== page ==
Slight Differences in Employers’ Holiday Plans

469599853 -- Labor DayPermit me, please, to have just a little numbers-comparison fun this Labor Day.

I couldn’t help but notice some discrepancies and similarities when this release came my way — totally expectedly, I might add — detailing employers’ plans for paying and/or granting paid days off for today’s holiday.

As Bloomberg BNA makes public prior to many holidays (including Memorial Day, which I blogged about earlier this year), its report on Labor Day expectations were uncannily almost identical — in reporting format and statistics — to Memorial Day findings, with a few strange little nuances.

Like why, if the same number of employers are providing a day off for all or most employees (97 percent), would 43 percent require some to come in on Memorial Day and 41 percent require some to come in on Labor Day? Or why would 85 percent of those asking some to work on Memorial Day provide something more than regular pay for their holiday labor, versus 86 percent on Labor Day?

What accounts for the differences? Time of year? Seasonal temperature? Seasonal business? Type of holiday?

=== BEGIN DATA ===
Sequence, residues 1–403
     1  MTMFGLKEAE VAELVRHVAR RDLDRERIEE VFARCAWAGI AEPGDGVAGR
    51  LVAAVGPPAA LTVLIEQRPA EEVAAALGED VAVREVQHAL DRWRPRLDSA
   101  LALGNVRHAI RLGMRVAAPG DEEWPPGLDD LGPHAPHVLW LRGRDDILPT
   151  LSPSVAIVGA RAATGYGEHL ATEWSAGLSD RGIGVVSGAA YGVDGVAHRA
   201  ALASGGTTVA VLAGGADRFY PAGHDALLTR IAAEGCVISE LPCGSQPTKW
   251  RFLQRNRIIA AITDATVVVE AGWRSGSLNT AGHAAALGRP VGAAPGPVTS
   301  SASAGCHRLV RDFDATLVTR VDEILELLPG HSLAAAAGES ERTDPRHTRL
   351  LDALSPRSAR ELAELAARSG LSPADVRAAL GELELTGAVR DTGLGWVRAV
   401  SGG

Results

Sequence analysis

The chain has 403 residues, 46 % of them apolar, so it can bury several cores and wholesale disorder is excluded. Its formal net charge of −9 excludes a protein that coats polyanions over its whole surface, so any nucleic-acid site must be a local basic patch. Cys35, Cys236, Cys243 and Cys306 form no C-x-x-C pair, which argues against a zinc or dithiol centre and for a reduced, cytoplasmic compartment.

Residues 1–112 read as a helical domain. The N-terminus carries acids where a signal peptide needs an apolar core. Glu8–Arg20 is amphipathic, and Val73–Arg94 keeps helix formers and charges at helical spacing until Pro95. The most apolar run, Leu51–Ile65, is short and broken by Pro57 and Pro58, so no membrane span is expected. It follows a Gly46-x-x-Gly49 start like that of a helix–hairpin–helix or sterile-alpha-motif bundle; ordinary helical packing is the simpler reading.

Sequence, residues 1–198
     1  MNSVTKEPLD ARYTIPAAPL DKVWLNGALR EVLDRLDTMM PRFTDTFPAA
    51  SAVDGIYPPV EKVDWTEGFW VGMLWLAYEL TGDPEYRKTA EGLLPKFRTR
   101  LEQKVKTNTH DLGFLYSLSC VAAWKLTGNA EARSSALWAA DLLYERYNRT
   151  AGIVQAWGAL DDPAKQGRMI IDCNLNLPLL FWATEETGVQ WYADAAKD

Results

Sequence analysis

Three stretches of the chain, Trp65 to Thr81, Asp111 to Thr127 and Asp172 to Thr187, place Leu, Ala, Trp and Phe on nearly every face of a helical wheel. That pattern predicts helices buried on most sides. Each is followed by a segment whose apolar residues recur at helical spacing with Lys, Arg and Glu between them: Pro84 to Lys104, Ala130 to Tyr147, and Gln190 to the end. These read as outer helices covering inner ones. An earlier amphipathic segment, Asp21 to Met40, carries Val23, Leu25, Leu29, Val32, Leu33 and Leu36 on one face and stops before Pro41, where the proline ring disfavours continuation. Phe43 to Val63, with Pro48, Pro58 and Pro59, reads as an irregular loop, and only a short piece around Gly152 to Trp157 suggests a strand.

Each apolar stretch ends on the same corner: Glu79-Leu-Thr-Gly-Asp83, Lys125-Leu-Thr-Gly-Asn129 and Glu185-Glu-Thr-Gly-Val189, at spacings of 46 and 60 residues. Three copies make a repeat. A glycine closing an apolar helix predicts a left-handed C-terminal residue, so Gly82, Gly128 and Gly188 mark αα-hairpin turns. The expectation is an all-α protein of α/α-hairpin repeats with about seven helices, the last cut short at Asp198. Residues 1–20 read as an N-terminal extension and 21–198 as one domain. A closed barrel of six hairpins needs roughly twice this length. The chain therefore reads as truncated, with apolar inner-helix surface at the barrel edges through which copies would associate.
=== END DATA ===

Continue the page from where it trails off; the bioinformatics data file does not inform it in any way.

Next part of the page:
I guess the bigger question is: Do these numbers underscore differences, or are they actually so close, they’re really similarities? I figured Bloomberg BNA’s survey research analyst, Andrew Hellwege, might be the best person to run this by since he’s most familiar with the methodology — or perhaps he’s the only one out there who would be the least bit interested in my small, admittedly game-like, puzzlement. His response:

“The minor differences in percentages between the results for the two holidays are most likely caused by statistical variation, not any substantive difference in how the holidays are treated by employers.

“In fact, [I would] emphasize … that the results for Labor Day and Memorial Day are effectively identical, statistically speaking, and that employers tend to treat both holidays the same way.”

So why study them at all?

Because it’s fun. And … come one … just a little interesting, right? I guess Bloomberg BNA would agree or it wouldn’t be sending these findings out multiple times a year.

In any event, Happy Labor Day everyone! Enjoy your day off. Unless you’re in the percentage that has to work, of course.